SHAMANIC RITUALS IN THE VALLEY OF THE GODS
Nestled in the semi tropical forests of towering deodar in the Western Himalayan Pir Pinjal Ranges, the busy tourist and apple growing township of Manali sits at the very end of the Kullu Valley in the Indian state of Himachal Pradesh.
More commonly referred to as The Valley of the Gods, according to ancient legend this is where the gods tumbled down from the heavens in a great flood using the slopes of the Himalaya to break their fall. The town takes its name from the sage Manu who, Noah like, settled the world with men and rules to guide them.
As a legacy of the original flood from heaven, every small village of the Kullu Valley has its own resident god and Yognees or faeries still guard the river valleys, shrines and offerings to the guardian gods of the Valley are visible in every village.
Originally known as Dana bazaar, Manali was a halting stage for those accessing the mystic valleys of Lahaul and Spiti, as well as Ladakh and the Central Asian silk routes beyond the Rohtang Pass (3890mt), but now plans for a world class Himalayan Ski Village on fifty acres in the peaks of the Kullu Valley are moving ahead. Planned to be the highest ski resort in the world with the capability of hosting the Winter Olympics, the resulting infrastructure will bring roads, better hospitals and development opportunities for villages so long inaccessible.
But away from the multi million dollar plans to change the face of this mountain paradise, the more immediate schedule is the monsoon season, the time for every village god to be taken out and paraded around on decorated palanquins. Accompanied by the plaintive call of mountain horns and the ancient beat of the drum, the gods are given the seat of honour at every village square which then become the focal point for games and dancing.
We have been invited to a festival high in the Solang Valley at a waterfall known as Anjani Mahadev, named for the river than seems to plunge from the heavens down over a Shiva lingam, freezing in the winter.
The way is marked by red flags fluttering along the two kilometre walk. In the early light of evening with monsoon clouds obscuring the moon; we follow the sure feet of our local guide in single file. Below us, the Kullu Valley tumbles back into the world of man while ahead the waterfall roars down from the heavens. Our eyes are trained on the island of light that floats in the middle distance; it feels as if we are disappearing into a faerie land. Eventually we cross the roaring river and approach the festival site and we make our way to the tent where the devotees will sit and sing throughout the night.
A circle is formed around the sacred fire; the presence of the Swami Baba Prakash is marked by a photo with an altar laid before it. Brahmin priests feed the fire with lashings of ghee, the nutty smell swirls with the smell of incense and smoke. The musicians are tuning their instruments and talking. Gradually, almost imperceptibly the music builds and gains strength and sound as people join in singing devotional songs that will last throughout the night. Singers and musicians fall off and are replaced, food is served in relays, tea and water passed around but the singing never stops.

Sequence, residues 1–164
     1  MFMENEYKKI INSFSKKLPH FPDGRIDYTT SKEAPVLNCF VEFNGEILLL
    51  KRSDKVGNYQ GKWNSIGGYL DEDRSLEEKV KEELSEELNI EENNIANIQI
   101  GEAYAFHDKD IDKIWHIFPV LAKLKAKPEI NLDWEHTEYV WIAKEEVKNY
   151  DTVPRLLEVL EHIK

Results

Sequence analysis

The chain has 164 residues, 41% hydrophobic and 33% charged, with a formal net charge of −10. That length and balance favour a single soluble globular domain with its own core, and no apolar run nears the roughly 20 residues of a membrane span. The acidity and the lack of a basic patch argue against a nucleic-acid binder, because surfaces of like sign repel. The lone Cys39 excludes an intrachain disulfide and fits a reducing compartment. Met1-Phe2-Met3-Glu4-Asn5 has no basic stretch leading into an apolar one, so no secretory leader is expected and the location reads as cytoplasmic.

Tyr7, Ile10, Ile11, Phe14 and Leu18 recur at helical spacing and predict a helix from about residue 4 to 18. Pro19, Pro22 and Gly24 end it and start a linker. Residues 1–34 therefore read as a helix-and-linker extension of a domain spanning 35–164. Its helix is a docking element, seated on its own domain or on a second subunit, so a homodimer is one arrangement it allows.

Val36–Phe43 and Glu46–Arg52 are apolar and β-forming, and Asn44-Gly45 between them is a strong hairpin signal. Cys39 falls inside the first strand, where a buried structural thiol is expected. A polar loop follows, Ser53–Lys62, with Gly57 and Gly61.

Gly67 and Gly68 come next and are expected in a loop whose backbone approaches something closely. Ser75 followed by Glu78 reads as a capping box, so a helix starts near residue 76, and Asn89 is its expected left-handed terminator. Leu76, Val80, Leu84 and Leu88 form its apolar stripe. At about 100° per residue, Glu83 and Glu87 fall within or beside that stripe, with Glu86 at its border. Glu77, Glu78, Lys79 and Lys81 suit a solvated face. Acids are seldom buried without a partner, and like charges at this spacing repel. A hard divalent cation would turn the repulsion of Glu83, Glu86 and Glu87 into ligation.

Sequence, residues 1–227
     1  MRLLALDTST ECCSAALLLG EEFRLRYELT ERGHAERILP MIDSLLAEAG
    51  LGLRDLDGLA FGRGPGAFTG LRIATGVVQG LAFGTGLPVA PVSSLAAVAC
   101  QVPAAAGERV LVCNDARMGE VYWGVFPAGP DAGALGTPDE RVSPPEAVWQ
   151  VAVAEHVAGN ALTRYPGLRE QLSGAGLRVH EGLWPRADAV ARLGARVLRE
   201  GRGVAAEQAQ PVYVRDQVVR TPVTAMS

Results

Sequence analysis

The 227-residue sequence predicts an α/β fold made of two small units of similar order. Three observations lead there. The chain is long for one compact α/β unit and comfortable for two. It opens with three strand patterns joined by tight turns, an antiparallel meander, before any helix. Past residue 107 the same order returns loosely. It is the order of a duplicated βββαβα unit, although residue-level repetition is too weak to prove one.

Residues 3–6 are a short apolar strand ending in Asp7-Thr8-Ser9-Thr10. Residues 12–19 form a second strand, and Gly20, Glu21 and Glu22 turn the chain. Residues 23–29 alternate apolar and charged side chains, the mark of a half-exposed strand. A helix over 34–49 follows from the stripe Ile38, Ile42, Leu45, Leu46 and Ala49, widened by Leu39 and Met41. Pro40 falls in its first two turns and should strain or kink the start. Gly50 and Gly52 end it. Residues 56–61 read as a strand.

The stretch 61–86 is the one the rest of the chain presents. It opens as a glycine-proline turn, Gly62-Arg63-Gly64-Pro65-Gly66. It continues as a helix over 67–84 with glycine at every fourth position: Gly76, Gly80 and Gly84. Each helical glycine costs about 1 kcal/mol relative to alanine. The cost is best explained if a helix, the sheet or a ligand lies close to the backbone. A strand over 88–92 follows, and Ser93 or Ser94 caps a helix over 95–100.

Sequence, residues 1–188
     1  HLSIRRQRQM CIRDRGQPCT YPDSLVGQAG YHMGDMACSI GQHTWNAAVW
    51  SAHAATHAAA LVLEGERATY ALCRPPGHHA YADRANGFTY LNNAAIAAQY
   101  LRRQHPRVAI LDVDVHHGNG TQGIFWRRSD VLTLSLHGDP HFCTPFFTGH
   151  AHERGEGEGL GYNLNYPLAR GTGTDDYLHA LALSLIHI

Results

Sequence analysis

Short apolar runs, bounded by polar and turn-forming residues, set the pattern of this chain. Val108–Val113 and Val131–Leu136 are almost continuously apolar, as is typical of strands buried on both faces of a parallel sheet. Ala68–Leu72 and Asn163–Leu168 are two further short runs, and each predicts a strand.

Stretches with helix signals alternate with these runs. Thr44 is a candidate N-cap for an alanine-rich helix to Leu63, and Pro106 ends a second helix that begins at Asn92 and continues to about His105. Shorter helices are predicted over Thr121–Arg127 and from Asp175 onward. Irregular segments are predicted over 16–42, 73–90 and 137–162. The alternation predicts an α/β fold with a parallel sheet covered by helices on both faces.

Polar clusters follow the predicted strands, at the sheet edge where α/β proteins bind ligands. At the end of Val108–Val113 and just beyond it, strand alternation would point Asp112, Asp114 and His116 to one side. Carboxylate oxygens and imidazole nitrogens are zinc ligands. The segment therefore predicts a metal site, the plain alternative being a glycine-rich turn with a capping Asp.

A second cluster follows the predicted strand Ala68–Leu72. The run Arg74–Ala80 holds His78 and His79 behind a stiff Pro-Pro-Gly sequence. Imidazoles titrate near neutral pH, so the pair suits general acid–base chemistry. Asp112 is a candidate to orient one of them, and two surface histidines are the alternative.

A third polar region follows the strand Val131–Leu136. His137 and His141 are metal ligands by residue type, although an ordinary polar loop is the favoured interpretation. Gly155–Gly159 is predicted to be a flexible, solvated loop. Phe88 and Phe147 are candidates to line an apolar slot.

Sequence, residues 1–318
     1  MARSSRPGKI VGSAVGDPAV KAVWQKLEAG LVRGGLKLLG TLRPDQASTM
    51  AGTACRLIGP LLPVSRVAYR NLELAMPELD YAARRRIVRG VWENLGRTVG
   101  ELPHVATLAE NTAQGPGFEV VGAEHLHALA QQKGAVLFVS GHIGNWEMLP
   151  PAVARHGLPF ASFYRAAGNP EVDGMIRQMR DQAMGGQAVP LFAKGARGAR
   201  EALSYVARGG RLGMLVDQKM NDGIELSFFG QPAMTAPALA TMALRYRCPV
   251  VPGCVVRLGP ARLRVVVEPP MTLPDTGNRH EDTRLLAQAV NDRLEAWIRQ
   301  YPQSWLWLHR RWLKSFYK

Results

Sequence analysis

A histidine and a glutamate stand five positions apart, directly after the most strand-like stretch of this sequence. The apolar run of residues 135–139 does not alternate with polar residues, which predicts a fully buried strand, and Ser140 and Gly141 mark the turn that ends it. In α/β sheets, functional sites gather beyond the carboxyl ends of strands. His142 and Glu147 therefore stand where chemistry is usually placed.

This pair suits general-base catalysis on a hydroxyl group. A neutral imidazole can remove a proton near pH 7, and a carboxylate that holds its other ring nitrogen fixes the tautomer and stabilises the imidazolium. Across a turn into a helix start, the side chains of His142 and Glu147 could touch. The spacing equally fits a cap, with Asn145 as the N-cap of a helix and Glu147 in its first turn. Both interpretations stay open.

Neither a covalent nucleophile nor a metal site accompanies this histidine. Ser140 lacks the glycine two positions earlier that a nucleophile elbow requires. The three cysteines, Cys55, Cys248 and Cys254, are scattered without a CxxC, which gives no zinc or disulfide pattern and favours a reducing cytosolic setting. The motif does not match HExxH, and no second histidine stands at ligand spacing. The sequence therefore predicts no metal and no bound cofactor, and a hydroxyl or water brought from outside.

After twelve hours of sitting cross legged, cross eyed from the lack of sleep, dizzy with the smoke from the sacred fire and the excitement of the moment, men and women begin to leap spontaneously to their feet to dance, succumbing to the throbbing of the drums and the plaintive whine of the snake charmers flutes.
Toothless old women, dressed in the no nonsense style of hard working Haryana farmers sway and sashay their hips, hand movements as delicate as birds, their faces shining. One woman builds herself into a wide eyed trance by dancing and clapping with her eyes fixed on the image of the departed guru. Her movements become wider and wilder, she doesn't blink when water is thrown in her face and is eventually removed by some attendants.
Meantime, a Spanish woman and a farmer woman have succumbed to the tease of the snake charmers and are dancing face to face, eye to staring eye, mimicking each others movements in a microsecond. One woman will begin a complicated hand movement, her eyebrows raised in challenge and before the move is completed the other woman has become the same movement, the crowd claps in beat to the drums and calls in encouragement. All eyes are on the women, their trance begins to affect the crowd watching, we sway in time with the drum, smoke curls around the ceiling, the fire flames and sparks.
The farmer woman's glittering black eyes are fixed on the shy smile of the Spanish dancer, a crow is dancing with a dove. The music builds and builds until the crow falters and falls off, quickly replaced by another woman. The women dance themselves into a trance that is held together by the musicians and the clapping of the crowd.
People leap to their feet waving notes over the dancers before dropping the money into the musician's pots.
In the corner a man begins to beat on a tabla, gradually the rhythm is transferred to his set of musicians and devotional songs begin to build as the snake charmers and the dancers begin to fade out. The energy built is then transferred into devotional songs of the bhkati take over.
Over forty eight hours the energy builds and wanes like the sea, but at the end of the ritual you feel like you have crossed some kind of ocean. It takes time to get your land legs back so to speak.
Walking out of the valley after the festival, the beat of the drum resonated in every step that I took away from Anjani Mahadev.
PUBLISHED WHAKATANE BEACON 2007